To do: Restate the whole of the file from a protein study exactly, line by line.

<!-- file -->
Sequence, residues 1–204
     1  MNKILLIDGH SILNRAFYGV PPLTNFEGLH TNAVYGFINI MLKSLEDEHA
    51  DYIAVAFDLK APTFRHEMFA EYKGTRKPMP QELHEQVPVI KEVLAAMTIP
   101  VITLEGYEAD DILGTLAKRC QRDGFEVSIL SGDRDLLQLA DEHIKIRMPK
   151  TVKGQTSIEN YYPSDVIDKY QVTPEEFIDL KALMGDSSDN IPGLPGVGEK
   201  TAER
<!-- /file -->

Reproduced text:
Sequence, residues 1–204
     1  MNKILLIDGH SILNRAFYGV PPLTNFEGLH TNAVYGFINI MLKSLEDEHA
    51  DYIAVAFDLK APTFRHEMFA EYKGTRKPMP QELHEQVPVI KEVLAAMTIP
   101  VITLEGYEAD DILGTLAKRC QRDGFEVSIL SGDRDLLQLA DEHIKIRMPK
   151  TVKGQTSIEN YYPSDVIDKY QVTPEEFIDL KALMGDSSDN IPGLPGVGEK
   201  TAER